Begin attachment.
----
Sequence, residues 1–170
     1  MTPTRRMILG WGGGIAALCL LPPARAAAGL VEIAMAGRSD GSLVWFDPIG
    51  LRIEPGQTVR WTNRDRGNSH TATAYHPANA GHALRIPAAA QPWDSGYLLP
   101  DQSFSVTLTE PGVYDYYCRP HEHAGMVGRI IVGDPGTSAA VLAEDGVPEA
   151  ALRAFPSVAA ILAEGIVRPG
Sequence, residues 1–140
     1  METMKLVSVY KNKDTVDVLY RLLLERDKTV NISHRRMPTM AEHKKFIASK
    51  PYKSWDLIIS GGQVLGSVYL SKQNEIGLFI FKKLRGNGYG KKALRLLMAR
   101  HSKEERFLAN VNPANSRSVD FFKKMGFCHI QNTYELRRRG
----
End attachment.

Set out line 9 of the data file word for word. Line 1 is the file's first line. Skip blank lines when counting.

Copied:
   101  HSKEERFLAN VNPANSRSVD FFKKMGFCHI QNTYELRRRG